Farm to School programs help increase students’ access to healthy, nutritious food in schools. They also stimulate local economies by directing money to local farms and fisheries. These programs can be expanded by providing more funding to schools to increase educational activities, improve kitchen equipment, and strengthen local food systems through greater procurement policies with local farms.

If you are a supporter of these programs, contact your state members of Congress and tell them to support H.3549 and strong Farm to School programs! To find your legislator, visit: https://malegislature.gov/Search/FindMyLegislator. Also, tell your legislators to maintain the current funding for Farm to School programs ($120,000) in the fiscal year 2019 Massachusetts’s Budget!

If you do not live in Massachusetts, or are interested in federal policy (as opposed to state policy) – the Farm to School Act of 2017 is currently in committee in the House and Senate. This bill increases mandatory funding for the program from $5 million to $15 million due to increased demand. Tell your federal members of Congress to support this bill and strong Farm to School programs! To find your members, call the U.S. Capitol switchboard at 202-224-3121.

 

Alana Davidson is a first year MS candidate in the Food Policy and Applied Nutrition program. For the last three years she has interned in the anti-hunger field at the Food Research and Action Center (FRAC), Share Our Strength, and End Hunger Connecticut!. Her research and advocacy have centered on domestic food insecurity and nutrition issues.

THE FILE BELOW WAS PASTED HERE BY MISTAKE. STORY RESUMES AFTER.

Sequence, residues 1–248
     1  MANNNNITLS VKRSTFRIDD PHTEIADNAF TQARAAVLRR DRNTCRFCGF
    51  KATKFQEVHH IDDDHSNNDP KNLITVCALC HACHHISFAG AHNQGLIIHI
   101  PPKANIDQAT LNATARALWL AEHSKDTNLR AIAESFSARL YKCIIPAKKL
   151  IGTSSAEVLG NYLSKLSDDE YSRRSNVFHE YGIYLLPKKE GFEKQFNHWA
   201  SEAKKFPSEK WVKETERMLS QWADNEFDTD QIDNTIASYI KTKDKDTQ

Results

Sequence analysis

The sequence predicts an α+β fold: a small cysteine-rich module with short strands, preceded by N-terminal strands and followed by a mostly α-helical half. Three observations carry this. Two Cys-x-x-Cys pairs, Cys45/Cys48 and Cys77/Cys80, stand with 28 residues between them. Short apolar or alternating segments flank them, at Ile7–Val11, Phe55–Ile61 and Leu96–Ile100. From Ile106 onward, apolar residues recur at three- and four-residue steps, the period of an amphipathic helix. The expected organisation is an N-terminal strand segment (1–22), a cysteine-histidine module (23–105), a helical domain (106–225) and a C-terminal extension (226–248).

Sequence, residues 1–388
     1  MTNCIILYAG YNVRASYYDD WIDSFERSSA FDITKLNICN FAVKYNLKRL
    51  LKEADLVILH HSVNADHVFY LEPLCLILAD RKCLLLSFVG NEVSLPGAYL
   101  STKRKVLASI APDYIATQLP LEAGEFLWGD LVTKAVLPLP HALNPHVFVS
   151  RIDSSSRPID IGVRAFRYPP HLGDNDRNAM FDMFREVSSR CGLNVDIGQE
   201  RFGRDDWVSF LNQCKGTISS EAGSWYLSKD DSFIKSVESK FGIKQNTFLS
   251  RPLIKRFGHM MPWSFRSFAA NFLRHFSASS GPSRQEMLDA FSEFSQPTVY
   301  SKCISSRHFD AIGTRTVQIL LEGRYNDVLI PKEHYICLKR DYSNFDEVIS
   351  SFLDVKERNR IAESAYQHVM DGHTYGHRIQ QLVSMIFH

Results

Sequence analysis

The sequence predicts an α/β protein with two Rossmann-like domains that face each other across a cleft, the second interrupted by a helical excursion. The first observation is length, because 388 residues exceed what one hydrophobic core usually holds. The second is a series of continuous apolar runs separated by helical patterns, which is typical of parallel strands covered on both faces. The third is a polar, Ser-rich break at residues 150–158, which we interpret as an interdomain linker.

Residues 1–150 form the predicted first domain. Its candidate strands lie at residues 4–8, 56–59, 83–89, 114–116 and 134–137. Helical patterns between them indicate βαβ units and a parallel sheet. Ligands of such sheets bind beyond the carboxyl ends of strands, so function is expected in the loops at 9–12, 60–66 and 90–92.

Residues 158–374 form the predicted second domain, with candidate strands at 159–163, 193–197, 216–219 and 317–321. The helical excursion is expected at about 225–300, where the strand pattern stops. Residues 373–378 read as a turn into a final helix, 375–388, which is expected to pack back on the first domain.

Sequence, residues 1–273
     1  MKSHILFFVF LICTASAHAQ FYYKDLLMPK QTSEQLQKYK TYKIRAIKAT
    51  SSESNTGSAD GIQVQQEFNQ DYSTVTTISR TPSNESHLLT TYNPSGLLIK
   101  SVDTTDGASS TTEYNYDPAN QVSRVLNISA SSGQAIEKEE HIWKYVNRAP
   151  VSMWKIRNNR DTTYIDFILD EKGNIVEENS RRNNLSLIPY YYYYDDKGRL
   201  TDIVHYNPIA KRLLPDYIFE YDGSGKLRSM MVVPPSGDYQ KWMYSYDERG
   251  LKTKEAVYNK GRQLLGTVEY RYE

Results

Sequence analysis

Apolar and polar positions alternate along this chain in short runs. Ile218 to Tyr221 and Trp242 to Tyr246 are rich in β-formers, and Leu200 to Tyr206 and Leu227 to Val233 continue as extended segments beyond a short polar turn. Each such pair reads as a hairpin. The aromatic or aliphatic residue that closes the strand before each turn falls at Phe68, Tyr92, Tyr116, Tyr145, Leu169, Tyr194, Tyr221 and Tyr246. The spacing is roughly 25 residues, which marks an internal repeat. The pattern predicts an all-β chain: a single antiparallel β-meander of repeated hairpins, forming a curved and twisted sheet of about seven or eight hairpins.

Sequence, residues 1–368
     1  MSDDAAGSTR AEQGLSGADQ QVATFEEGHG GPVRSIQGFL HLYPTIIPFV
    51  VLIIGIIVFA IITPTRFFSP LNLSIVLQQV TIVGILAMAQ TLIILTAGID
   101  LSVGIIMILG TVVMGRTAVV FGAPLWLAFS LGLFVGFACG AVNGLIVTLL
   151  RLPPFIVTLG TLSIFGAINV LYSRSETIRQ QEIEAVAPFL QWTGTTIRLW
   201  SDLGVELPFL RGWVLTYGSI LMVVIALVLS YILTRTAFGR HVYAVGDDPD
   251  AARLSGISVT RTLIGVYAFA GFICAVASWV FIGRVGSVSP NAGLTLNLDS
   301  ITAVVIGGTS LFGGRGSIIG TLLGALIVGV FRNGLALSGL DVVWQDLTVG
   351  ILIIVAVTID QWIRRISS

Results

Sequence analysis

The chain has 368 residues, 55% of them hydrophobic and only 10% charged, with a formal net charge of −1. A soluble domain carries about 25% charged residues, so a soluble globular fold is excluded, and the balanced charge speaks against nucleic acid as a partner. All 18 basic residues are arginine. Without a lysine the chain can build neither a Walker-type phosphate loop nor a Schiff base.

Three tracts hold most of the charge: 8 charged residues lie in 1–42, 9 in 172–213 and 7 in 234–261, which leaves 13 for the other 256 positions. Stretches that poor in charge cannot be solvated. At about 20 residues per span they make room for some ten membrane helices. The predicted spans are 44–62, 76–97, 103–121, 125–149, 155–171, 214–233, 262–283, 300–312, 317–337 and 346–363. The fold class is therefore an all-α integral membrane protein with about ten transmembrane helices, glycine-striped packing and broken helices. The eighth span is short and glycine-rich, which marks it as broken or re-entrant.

Do We Need More Business, or Better Business, to Feed a Growing Population?

by Rebecca Lucas and Emmy Moore

To create a world that can feed 9 billion people by 2030 while providing clean water access, ensuring equal access to education across gender, and supporting renewable and safe energy, do we need to establish new and profitable business models? Or do we simply need to adjust business as usual?

A giant social experiment took place in August. One thousand people from 129 countries. Ten days. Nine Danish folk high schools. All to formulate solutions to address the United Nation’s seventeen Sustainable Development Goals (SDGs), that had been condensed to seven major themes: food, energy, water, sustainable production and consumption, education and information and communications technology (ICT), urban sustainability, and health.  After a week, 199 pitches of innovative solutions had been created by groups of people who had only just met at the start of the experiment.

UNLEASH is a global innovation lab, created with the intention of bringing together “talents,” aged 20-35, from all over the world to innovate on the UN’s SDGs and develop new businesses, new ideas, and new ways to achieve these objectives. The long term goal is to continue this program every year until 2030, banking on the probability that at least a few new and creative solutions will successfully emerge. Six individuals from the Friedman School were selected to be part of this inaugural year; while at times it was clear we were guinea pigs with similar frustrations, we were also immersed in an entirely unique and novel experience.

The setting is Denmark: known for clean design, universal health care, paid parental leave, and above all, a high per capita income. This makes for an interesting contrast when working on problems that are facing the world as a whole, yet many that disproportionately impact developing countries.